4. Cherish the Proper Dharma: This means that Bhikshus cherish a deep regard for the wonderful Dharma they hear from their elders and they delight in offering up their conduct according to it. In that way they can prevent the Proper Dharma from becoming extinct.

5. Explain Well to Those Who are Just Beginning to Study: This means that Bhikshus expediently speak the Great Vehicle Dharma in order to enable those who have just begun to study to have standards on which to base themselves as they progress in their practice of the Way. In that way they can prevent the Proper Dharma from becoming extinct."

In the Dharma Ending Age living beings are continually unable to distinguish the proper from the deviant. to the extent that a lot of people get involved in the wrong kind of practices under the name of Buddhism. That is all because they lack the "Dharma Selecting Eye." Although during the Dharma Ending Age there are a lot of cases of "mistaking fish eyes for pearls" even within Buddhism, still, the Master's vow-power is decisive:

I am definitely going to revive the Proper Dharma. I will only allow Buddhism to have Proper Dharma and will not let there be any demise of the Dharma. Wherever I go, that place will have blessings and wisdom and there will be a diminishing of disasters and difficulties. That is my vow. Because of that, ignoring the limits of my capabilities, I go everywhere speaking the Proper Dharma and practicing the Proper Dharma.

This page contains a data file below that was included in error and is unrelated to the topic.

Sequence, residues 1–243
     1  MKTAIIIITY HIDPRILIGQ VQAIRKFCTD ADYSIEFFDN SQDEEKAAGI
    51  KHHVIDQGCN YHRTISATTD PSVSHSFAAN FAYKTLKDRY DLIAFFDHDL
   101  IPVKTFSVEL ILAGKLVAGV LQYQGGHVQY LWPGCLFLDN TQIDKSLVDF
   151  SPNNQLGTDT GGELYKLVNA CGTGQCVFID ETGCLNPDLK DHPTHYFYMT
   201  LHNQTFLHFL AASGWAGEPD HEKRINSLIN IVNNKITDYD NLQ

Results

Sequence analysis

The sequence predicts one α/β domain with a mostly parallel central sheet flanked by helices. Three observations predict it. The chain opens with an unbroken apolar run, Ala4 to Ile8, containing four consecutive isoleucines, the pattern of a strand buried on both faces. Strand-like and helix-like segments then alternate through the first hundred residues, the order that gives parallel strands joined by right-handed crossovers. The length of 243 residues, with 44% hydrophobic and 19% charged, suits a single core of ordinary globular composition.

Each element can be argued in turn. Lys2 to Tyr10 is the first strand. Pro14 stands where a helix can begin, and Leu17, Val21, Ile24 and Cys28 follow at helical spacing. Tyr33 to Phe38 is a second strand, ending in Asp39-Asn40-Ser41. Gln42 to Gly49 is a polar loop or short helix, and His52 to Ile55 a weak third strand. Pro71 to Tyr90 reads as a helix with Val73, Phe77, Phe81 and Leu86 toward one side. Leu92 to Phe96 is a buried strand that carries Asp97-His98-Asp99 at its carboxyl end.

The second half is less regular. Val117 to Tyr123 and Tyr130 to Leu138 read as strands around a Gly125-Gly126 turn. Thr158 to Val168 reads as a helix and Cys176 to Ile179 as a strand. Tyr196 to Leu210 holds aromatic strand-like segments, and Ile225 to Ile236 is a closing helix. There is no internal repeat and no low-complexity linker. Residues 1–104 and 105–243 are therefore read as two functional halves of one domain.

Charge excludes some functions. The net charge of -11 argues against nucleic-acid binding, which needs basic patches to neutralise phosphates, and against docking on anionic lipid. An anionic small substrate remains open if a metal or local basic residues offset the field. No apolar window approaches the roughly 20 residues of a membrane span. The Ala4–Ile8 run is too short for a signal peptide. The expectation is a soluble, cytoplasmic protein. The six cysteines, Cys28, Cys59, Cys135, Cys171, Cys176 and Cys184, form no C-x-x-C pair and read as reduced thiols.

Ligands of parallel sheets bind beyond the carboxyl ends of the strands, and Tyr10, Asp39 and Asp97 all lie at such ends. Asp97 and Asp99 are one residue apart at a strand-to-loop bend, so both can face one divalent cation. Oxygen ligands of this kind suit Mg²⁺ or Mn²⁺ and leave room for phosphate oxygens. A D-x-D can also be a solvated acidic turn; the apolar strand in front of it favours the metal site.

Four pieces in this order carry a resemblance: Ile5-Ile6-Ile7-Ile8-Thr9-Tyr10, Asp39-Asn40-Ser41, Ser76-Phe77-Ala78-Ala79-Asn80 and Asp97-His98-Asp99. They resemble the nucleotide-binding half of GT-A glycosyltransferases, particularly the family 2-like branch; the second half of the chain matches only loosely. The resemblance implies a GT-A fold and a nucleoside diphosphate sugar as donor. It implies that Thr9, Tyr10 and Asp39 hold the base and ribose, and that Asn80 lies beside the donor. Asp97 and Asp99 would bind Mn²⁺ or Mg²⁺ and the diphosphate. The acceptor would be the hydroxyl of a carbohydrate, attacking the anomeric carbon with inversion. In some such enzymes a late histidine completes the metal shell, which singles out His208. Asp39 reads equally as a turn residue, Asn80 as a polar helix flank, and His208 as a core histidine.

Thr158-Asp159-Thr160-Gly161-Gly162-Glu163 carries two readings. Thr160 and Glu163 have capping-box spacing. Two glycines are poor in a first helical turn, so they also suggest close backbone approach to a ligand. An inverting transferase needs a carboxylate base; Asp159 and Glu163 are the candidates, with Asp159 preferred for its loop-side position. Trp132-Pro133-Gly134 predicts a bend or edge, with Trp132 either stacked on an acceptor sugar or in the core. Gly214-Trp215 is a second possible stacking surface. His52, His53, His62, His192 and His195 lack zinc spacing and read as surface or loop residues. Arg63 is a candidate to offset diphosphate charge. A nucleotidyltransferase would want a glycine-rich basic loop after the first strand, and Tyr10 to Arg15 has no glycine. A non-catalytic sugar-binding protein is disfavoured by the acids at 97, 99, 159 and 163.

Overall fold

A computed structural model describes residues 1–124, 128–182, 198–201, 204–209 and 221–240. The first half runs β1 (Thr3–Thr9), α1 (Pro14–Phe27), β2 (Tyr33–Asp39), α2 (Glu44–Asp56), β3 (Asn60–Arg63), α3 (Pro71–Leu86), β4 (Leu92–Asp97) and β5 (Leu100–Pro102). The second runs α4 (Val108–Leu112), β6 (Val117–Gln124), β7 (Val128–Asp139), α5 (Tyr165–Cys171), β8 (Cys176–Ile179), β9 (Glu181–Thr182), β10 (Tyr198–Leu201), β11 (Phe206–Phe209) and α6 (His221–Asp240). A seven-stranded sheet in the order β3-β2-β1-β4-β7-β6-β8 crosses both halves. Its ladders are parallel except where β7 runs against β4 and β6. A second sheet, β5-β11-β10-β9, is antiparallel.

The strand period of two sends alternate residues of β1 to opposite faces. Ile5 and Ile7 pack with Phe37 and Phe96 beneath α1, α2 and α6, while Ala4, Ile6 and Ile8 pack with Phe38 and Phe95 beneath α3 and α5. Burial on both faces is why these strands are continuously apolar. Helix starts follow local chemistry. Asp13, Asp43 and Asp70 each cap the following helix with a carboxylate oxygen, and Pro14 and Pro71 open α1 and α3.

Although the Buddha mentioned the Dharma's demise many times, still, the fact that the Buddha tried to curtail the demise of the Proper Dharma is clearly evident in such passages as the one in the Nirvana Sutra where he said "During the Dharma Ending Age there will be 120,000 Great Bodhisaltvas who will uphold the Dharma and keep it from extinction." From that we should be able lo recognize the Master's "not permitting the Dharma's demise''-isn't that really the great kind and compassionate mind of the Thus Come Ones?

The Master made an even more painful remark:

When the Dharma becomes extinct,

it is the Sangha itself that becomes extinct.

Virtue in the Way should be cultivated,

but people won't cultivate it.

Those who are honest and sincere are ridiculed.

Those who are false and cunning receive praise and precedence.


To make the entire world pure and fresh

and to awaken beings forever from their three-layer-deep stupor,

Diligently remind the young Sang Hans that

The spreading and flourishing of my teaching

depends on the Bishops.